Student's Class Book of Astronomy

Front Cover
Relfe Bros, 1873 - 224 pages
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Page 66 - And God said, Let there be lights in the firmament of the heaven to divide the day from the night ; and let them be for signs and for seasons, and for days,
Page 155 - that every particle of matter in the universe attracts every other particle, with a force whose direction is that of the line joining the two, and whose magnitude is directly as the product of their masses, and inversely as the square of their distances from each other.
Page 185 - The Ram, the Bull, the heavenly Twins, And next the Crab the Lion shines, The Virgin and the Scales ; The Scorpion, Archer, and He-goat, The Man that holds the watering-pot, And Fish with glittering tails.
Page 138 - The squares of the periodic times of the planets are proportional to the cubes of their mean distances from the Sun.
Page 195 - ... a red and a green, or a yellow and a blue one — must afford a planet circulating about either; and what charming contrasts and "grateful vicissitudes," — a red and a green day, for instance, alternating with a white one and with darkness, — might arise from the presence or absence of one or other, or both, above the horizon.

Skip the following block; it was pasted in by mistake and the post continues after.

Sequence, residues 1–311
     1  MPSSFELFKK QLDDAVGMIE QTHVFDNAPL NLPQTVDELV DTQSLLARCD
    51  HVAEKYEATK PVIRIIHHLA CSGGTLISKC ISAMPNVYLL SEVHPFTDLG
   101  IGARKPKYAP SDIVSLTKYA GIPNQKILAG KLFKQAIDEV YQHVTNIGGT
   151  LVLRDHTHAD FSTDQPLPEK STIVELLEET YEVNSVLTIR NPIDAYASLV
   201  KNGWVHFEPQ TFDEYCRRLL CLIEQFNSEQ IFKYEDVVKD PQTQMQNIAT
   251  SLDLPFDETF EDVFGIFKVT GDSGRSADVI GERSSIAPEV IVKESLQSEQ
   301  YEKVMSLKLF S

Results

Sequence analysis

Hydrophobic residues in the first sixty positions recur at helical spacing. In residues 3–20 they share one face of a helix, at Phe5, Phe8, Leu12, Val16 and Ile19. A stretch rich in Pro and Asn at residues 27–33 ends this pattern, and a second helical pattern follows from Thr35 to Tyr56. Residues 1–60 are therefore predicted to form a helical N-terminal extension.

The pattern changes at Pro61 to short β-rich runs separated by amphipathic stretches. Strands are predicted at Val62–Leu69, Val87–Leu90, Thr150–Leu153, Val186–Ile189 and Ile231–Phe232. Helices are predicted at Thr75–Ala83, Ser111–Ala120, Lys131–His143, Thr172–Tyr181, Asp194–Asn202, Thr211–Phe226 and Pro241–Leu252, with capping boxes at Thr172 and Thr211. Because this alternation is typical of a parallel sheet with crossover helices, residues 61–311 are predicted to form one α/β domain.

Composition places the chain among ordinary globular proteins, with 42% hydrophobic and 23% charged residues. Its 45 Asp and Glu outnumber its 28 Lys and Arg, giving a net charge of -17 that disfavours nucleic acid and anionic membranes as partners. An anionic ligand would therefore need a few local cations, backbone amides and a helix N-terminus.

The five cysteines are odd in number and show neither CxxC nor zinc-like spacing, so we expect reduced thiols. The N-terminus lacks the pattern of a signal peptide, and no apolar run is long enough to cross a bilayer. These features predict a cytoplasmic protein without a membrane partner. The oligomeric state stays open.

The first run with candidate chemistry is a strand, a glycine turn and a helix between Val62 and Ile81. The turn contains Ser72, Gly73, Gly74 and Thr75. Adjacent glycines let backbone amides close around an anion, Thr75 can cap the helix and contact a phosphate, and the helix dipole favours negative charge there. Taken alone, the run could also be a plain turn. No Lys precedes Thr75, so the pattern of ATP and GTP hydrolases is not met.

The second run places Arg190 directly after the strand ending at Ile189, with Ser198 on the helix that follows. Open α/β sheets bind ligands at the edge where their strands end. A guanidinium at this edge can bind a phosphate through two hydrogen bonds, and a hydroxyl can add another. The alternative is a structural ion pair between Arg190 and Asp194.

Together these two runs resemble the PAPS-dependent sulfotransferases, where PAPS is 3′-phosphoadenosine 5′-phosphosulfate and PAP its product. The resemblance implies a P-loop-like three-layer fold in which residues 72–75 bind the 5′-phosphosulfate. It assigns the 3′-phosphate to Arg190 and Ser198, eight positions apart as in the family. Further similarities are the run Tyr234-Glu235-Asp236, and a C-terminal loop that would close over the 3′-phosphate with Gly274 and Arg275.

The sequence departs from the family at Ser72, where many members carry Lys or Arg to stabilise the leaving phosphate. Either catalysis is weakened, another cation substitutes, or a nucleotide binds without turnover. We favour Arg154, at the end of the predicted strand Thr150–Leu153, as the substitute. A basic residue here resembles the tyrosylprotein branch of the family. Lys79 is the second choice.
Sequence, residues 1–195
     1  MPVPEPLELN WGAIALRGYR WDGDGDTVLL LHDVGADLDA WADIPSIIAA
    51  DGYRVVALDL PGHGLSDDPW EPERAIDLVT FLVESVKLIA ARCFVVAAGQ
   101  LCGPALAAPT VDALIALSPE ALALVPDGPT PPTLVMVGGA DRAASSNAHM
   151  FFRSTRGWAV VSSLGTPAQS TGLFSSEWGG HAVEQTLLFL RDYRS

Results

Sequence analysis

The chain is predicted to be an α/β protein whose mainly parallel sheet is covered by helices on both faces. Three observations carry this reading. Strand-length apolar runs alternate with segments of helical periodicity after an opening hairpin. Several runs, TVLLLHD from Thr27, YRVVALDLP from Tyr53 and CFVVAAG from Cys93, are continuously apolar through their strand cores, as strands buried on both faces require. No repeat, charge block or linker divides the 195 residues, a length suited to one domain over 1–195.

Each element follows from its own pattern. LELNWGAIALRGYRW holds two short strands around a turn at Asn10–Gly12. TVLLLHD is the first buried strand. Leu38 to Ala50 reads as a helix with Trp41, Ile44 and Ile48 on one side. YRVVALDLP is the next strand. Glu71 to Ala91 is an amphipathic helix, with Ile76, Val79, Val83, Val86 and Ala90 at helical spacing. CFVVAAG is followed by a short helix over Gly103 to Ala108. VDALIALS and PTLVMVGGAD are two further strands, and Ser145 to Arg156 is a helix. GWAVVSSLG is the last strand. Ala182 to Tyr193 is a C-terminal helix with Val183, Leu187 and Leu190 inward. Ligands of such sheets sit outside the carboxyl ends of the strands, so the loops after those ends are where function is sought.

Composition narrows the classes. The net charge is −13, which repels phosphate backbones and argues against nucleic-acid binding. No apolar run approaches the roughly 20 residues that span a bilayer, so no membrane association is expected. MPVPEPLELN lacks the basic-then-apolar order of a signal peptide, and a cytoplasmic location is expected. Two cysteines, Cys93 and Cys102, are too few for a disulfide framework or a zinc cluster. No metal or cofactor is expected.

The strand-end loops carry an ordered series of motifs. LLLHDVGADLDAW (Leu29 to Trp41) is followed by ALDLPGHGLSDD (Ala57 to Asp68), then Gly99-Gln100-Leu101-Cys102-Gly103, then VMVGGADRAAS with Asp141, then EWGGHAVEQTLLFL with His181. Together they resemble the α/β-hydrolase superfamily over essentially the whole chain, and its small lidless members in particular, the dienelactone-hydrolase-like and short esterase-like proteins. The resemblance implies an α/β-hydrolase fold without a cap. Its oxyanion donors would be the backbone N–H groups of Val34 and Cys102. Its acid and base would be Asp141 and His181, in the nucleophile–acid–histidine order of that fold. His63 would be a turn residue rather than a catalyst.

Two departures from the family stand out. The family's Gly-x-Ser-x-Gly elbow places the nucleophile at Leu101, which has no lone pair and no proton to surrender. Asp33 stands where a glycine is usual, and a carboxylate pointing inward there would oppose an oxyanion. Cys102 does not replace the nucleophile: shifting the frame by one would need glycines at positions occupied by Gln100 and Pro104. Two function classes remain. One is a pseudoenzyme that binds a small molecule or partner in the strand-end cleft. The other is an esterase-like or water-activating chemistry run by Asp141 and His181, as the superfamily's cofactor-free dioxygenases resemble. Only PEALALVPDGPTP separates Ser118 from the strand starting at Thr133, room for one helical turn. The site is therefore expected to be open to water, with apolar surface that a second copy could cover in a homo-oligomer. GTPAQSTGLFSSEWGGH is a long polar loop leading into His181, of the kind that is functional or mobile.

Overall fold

Page 89 - We see it as Columbus saw America from the shores of Spain. Its movements have been felt, trembling along the far-reaching line of our analysis, with a certainty hardly inferior to that of ocular demonstration.
Page 166 - It has been found that, with respect to any two planets, the squares of the times of revolutions are to each other in the same proportion as the cubes of their mean distances,— a most surprising result, for the discovery of which the world was indebted to the illustrious Kepler. Sir John Herschel truly observes...
Page 213 - rays, and it has a proportionately high power of absorption for that kind of light ; but for it alone. And we see that every substance which emits at a given temperature certain kinds of light must possess the power, at that same temperature, of absorbing the same kinds of...
Page 185 - These twelve parts are called the signs of the zodiac and are named after the constellations which occupy them. The names of the signs of the zodiac are: Aries, Taurus, Gemini, Cancer, Leo, Virgo, Libra, Scorpio, Sagittarius, Capricornus, Aquarius, and Pisces.
Page 191 - To drop a pea at the end of every mile of a voyage on a limitless ocean to the distance of the nearest Fixed Star, would require a fleet of 10,000 ships each of 600 tons burthen, all starting with a full cargo of peas.

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